Sorry this was late, folks. I forgot that Lucas was a pain to slog through in text…
Shadow Moon is the first in a trilogy meant to be a follow-up to the movie Willow. One night, our favorite magus has a dream of flying on dragon back to the castle where his friends are raising the Sacred Princess, Elora. And it is the last night the castle is seen again. Now Willow travels under a name bestowed by friends, trying to discover what had gone wrong and grieving for his losses. But while he’s gone, Elora is left in the care of others, and the world is stirring with whispers of danger to come, of Shadows and dangers. When Willow finally returns to Elora, will it be to someone who can help him right what has gotten twisted…or a spoiled brat?
Honestly, this plot is a such mess, it’s a bit of a miracle that I came up with that much of a summary. From my understanding, there was actually a novelization of the original movie that gave a lot more detail and was actually pretty good. The problem is, the sequel series that advertises on the front cover that it’s a continuation of the movie…actually relies almost entirely on the book. So there was mentioning of characters and some world building that I had missed completely from the movie, so I had no idea what the heck it was talking about. But I was trying to trudge through, I was.
Except my favorite character was killed after the first chapter. And I wasn’t given a truly relate-able character to hang on to for the entirety of the book. And he wouldn’t finish one scene before moving on to the other. And none of the plot lines seemed to be leading to the main scene. And he wouldn’t explain why sometimes Willow’s actions were the only choice. But I FINALLY got to the climax of the book…and nothing was resolved.
At this point, my friends, we must ask ourselves, “Plot, what plot?” Because no goals were really accomplished. Yes, we had a group of protagonists (not a one of them someone a reader could completely relate to, but I digress). Yes, we had antagonists. Actual good ones who I cheered for sometimes rather than the heroes, to be honest. And yet, for all the times they came into conflict, it just…didn’t GO anywhere. Which means there was no satisfaction for me as a reader for getting through all the crap in the end.
Character-wise…it was a coin flip. A couple characters were well done. Elora, Anakerie, and Geryn. If Willow had explained more, rather than simply making logic leaps without the reader, he would have been decent. The brownies will probably annoy me, so it’s not their fault, I just think their purpose hasn’t been defined well yet. But the rest were just this hodge podge of imagery rather than actual people I could relate to. I never really got an understanding of why the Deciever was doing what he was doing, other than because he could (which is not a good motivation). Now, this could just be me not reading deeply enough. But if I missed it in my reading style, then I promise you, it was too subtle or not mentioned often enough.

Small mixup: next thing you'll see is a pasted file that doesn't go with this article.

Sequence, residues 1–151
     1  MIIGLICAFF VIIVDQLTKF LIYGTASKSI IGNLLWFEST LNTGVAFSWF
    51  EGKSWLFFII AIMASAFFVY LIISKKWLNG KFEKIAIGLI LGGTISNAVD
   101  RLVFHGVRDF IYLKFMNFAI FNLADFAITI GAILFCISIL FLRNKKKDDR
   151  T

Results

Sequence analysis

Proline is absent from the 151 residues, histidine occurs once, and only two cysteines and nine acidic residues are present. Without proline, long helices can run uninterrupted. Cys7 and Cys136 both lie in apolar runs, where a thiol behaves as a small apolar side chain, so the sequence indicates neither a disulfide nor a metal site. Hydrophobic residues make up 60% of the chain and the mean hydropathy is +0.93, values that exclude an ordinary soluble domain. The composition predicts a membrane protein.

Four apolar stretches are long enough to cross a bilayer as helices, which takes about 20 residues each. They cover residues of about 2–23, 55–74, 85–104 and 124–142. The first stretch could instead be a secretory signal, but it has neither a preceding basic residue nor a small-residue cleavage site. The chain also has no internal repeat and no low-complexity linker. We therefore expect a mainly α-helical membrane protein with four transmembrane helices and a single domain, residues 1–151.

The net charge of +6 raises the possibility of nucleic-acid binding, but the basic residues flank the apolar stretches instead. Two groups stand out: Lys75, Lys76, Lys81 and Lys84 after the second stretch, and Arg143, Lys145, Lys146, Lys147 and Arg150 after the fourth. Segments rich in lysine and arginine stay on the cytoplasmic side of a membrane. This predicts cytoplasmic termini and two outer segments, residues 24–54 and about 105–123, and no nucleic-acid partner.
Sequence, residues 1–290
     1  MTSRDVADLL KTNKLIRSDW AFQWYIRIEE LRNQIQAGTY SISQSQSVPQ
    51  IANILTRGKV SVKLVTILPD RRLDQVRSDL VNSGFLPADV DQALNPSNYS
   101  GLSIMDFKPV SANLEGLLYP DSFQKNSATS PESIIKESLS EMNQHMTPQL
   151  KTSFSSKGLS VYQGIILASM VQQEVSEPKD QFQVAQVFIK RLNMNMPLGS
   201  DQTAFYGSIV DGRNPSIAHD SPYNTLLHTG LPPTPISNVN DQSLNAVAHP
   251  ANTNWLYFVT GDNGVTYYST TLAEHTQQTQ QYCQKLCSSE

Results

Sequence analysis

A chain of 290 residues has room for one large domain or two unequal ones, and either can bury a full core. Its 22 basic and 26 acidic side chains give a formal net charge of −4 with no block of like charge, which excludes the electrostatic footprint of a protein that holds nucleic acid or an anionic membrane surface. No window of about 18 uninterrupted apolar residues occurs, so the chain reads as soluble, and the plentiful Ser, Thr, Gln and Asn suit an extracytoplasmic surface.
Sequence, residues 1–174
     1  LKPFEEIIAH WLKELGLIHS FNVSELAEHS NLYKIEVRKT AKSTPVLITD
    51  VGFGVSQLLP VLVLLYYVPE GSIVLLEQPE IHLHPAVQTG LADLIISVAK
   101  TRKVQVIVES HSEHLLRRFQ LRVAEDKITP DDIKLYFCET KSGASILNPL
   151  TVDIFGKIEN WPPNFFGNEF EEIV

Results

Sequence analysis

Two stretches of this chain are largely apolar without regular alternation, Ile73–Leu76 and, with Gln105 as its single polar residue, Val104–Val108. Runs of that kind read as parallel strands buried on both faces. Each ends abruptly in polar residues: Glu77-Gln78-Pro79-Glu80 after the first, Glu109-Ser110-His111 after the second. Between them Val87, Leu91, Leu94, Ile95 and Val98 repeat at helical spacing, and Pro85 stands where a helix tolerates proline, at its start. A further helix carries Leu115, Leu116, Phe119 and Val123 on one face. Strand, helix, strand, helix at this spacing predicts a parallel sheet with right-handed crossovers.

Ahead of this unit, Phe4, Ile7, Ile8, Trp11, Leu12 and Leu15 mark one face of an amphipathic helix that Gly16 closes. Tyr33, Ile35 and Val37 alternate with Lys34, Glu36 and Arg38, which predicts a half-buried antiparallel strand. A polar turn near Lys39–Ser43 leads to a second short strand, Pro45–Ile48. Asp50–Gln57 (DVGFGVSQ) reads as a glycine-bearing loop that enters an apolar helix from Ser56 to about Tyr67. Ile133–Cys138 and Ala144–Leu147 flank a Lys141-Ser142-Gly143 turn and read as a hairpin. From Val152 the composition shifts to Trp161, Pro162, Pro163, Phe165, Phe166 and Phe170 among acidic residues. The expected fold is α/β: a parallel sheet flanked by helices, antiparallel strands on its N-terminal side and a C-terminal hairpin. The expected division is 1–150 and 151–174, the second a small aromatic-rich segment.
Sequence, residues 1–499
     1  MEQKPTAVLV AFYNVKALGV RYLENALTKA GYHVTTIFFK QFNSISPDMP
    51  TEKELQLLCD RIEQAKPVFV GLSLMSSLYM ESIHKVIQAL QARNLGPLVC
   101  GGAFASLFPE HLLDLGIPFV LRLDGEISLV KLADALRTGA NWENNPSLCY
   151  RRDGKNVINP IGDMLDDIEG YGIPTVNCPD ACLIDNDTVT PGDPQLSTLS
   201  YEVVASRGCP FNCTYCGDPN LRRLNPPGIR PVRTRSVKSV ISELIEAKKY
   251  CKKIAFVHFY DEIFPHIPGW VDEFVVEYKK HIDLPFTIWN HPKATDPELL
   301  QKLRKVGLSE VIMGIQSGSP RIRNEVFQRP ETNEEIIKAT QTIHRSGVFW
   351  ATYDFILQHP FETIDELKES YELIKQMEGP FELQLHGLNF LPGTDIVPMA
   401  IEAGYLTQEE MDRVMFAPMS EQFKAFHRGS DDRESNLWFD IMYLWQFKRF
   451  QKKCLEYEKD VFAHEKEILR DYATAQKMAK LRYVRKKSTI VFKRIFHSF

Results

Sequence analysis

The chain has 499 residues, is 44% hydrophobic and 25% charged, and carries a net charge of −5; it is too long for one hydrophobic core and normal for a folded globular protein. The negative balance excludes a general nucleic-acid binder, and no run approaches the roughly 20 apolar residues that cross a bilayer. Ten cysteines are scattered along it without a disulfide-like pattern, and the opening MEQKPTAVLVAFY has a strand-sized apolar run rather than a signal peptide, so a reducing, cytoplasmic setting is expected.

The world itself was interesting, if not explained well. I don’t think Lucas built any kind of rules to this world, aside from what he made up as he went along. I can give him a few props for keeping some of the basics consistent, but those details were things that he never actually explained so how could he mess it up? Everything else was a confusing mess, from the magic system, the structure of the world, and even what had happened to cause the Cataclysm or Elora’s change. I was interested in what I could piece together myself, but it was far too much effort to do on my own. I don’t want spoon fed, but I shouldn’t be working at a reading-for-pleasure book like it was one of my textbooks from college.
Overall, this was a typical Lucas work. He can come up with some great ideas and amazing imagery. But he doesn’t have a clue how to structure it or even explain it in a way that makes sense to someone not in his head. I love the Star Wars and Indian Jones films, don’t mistake that. But he can’t stay consistent in his in-world mythology and explanations even in those! Seriously, I can’t stand the books because of this, and ignore them entirely. (I may be one of the few people not worried about Disney buying the rights to the Episode VII.) He has no eye for editing, and no one, not even his co-writers, will hold him back when he starts spinning in circles.
But I have been promised the next two are love, and I trust Ginny. I’ve eaten my veggies, it’s dessert time! That said, I can’t promise the next book in the series’ review this Sunday since this one took so much longer than planned. I do however have two more things I was wanting to blog about, plus Misty. So I will probably blog about those two things between this trilogy’s books to give me time to get them read and posted. If I finish them so I can post Wednesday or Thursday, I will, otherwise I’ll hang on to them for Sunday.